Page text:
We don’t spend much time reflecting on our life. We don’t consider why we keep the hamster wheel spinning or what would happen if we stopped.
When we joyfully, or ignorantly, first leap onto the wheel, eager to achieve and amass the stuff and style of the middle class, we don’t consider when and how we will dismount.
As we age and accumulate, we’re always in the same spot, chasing another dream, eyes fixed on the horizon. Sometimes, the pace is so fast and hectic, we falter and wonder how we can keep going, and why.
But we suck it up and run faster, or we burn out.
“Most men never reflect on their state because they are convinced explicitly or implicitly, that they understand it,” French psychiatrist Hubert Benoit writes in The Supreme Doctrine.
We don’t reflect as much as fall into a pattern of blaming, whether ourselves or someone else for why we didn’t succeed at whatever we attempted, what Benoit calls auto-criticism.
“The brain is always trying to automate things and to create habits, which it imbues with feelings of pleasure,” brain researcher Gerhard Roth is quoted in Mind magazine.
“Holding to the tried and true gives us a feeling of security, safety and competence while at the same time reducing our fear of the future and of failure.”
We settle into that mind-numbing routine by the time we’re 30, but as we near 60, when the mortgage is paid and the kids are gone, we are, at least in theory, more open to change.
Our life is the story we repeatedly tell ourselves and if we don’t like it, we can re-write it. Granted, writing, as one New York columnist said, is easy, all you have to do is sit there and sweat blood.
Each year, we are given a time to contemplate the big picture, to be grateful for our lives, for our family, for our friends and for the fact that we are here and not there.
We always have these moments, but on Christmas morning after the stockings have been emptied with glee, after breakfast and before we start stuffing the bird, there’s a space, a time out of time to look back on the past year before we turn a page on our mental calendar and start looking forward.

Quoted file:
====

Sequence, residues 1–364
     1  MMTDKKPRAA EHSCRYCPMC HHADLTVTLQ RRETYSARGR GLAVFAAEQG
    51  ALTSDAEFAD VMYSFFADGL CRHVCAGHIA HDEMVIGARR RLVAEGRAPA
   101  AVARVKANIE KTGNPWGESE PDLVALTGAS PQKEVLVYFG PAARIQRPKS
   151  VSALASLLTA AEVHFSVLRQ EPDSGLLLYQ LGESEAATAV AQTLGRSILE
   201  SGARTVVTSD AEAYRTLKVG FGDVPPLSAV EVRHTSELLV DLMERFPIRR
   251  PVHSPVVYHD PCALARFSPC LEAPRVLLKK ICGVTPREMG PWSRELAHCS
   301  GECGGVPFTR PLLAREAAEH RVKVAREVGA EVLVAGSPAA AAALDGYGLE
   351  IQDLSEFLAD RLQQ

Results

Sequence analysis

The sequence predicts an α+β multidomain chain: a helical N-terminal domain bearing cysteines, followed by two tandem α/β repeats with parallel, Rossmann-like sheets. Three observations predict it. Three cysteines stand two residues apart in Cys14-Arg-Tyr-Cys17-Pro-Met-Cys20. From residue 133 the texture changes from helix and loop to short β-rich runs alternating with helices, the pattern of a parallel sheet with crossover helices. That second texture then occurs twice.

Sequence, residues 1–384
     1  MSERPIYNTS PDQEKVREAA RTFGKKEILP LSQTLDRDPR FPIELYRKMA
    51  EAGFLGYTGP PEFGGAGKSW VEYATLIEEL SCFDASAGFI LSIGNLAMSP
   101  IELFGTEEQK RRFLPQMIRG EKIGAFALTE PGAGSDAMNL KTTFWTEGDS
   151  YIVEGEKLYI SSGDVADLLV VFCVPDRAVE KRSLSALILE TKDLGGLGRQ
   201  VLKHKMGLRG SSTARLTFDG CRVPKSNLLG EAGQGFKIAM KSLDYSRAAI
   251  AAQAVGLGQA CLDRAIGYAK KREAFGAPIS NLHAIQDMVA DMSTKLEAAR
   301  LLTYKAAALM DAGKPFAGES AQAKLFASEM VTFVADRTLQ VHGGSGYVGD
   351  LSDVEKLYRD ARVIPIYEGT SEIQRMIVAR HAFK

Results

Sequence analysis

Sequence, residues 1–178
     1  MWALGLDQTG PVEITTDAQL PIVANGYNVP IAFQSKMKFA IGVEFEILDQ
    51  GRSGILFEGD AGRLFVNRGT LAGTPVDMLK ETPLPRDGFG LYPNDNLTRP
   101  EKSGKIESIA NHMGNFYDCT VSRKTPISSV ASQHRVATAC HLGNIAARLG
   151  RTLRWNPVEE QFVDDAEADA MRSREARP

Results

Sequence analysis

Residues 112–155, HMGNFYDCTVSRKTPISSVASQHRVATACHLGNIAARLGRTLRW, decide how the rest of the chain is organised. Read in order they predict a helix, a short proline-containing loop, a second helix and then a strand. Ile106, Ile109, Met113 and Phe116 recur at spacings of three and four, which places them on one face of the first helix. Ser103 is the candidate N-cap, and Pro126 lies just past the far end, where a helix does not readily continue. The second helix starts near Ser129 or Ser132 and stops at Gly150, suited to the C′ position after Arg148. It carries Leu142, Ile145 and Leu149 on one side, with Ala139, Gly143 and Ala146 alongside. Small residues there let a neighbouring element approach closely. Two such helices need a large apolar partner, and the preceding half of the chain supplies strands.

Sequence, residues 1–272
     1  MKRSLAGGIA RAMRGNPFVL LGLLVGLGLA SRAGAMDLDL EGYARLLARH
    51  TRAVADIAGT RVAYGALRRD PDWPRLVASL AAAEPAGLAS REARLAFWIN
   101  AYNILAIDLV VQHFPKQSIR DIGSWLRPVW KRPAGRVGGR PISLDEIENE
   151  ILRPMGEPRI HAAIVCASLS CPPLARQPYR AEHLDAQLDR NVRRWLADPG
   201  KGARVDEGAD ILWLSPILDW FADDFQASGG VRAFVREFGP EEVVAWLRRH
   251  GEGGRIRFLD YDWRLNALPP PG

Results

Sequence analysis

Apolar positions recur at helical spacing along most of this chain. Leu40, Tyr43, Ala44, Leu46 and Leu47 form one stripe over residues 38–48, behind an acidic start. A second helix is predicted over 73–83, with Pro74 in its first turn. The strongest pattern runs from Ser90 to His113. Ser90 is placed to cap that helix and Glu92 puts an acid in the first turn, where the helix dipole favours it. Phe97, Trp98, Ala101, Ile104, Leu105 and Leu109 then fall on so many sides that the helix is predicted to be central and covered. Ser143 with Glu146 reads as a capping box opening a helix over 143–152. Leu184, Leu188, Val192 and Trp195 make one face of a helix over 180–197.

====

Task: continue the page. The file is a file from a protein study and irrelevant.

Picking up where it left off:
It’s a Janus moment. We can emulate the double-headed Roman god of beginnings and endings — for whom January is named — who could see the past and the future.
Christmas is, after all, a time of rebirth. The winter solstice has long been celebrated as a time of hope; the sun rises higher and the days begin to lengthen. While the solstice is usually Dec. 21, it was Dec. 25 on the old Julian calendar.
“What matters most are the simple pleasures so abundant we all can enjoy them; the plain values that define us as good people; the emotional connections with friends and family that fill our souls with a sense of purpose,” it’s written in the introduction to 50 Things That Really Matter.
We might reflect on what our gifts are and whether we give them freely; we might ask what our carol, our song of praise and joy, is.
After some time reflecting, Scrooge changed from miserly to generous and the Grinch’s heart grew three sizes in one beat.
Actor Jim Carrey has played both characters and in an interview, in a Beverly Hills hotel amidst the trappings of movie stardom, mused about his particular Dickensian world of past regret and future hope.
“You know, if you’re lucky, at some point in your life, you have that Christmas-carol moment, and I certainly have, where things were kind of going south, and I had the opportunity to see how horrible things could have gotten, without them actually going there.
“I had my ghost of Christmas Future at a certain point in my life, that I went, like, ‘Oh! Wow! OK, I gotta really start caring about the right things here.”
Some people end every day with a Christmas-carol moment, by reviewing what they did, how they behaved and what caused them or others problems or pain.
If they were irritable, ungracious or behaved badly, they make a mental note, not of blame, but a caution to be different the next time.
Like them, we create ourselves in our own image; it’s just a question whether we do it unconsciously or consciously.
Do we heed the call from deep within ourselves or refuse it because it might mess with the life we know? Even if it's unsatisfactory, there is security in the known while the unknown creates fear and anxiety.
There is always anxiety before growth, but if we let the anxiety stop us, we live stunted lives.
“The call rings up the curtain, always, on a mystery of transfiguration — a rite, or moment, of spiritual passage, which, when complete, amounts to a dying and birth,” Joseph Campbell writes in The Hero With A Thousand Faces.
“The familiar life horizon has been outgrown; the old concepts, ideals and emotional patterns no longer fit; the time for the passing of a threshold is at hand.”
Are we willing to step beyond the known, beyond tradition and society’s mandates, beyond the accepted into there-be-dragons territory?
If we’re happy within the self-imposed boundary of the known, or can’t be bothered to make changes, at least, after reflection, we do it consciously rather than stumbling from one dire circumstance to another wondering why things happen.
“The secret of self-mastery is a simple one. It is the clear concept that creation begins and ends within the consciousness of the individual experiencing it,” said Roy Eugene Davis, founder of the Center for Spiritual Awareness.
This article is written by or on behalf of an outsourced columnist and does not necessarily reflect the views of Castanet.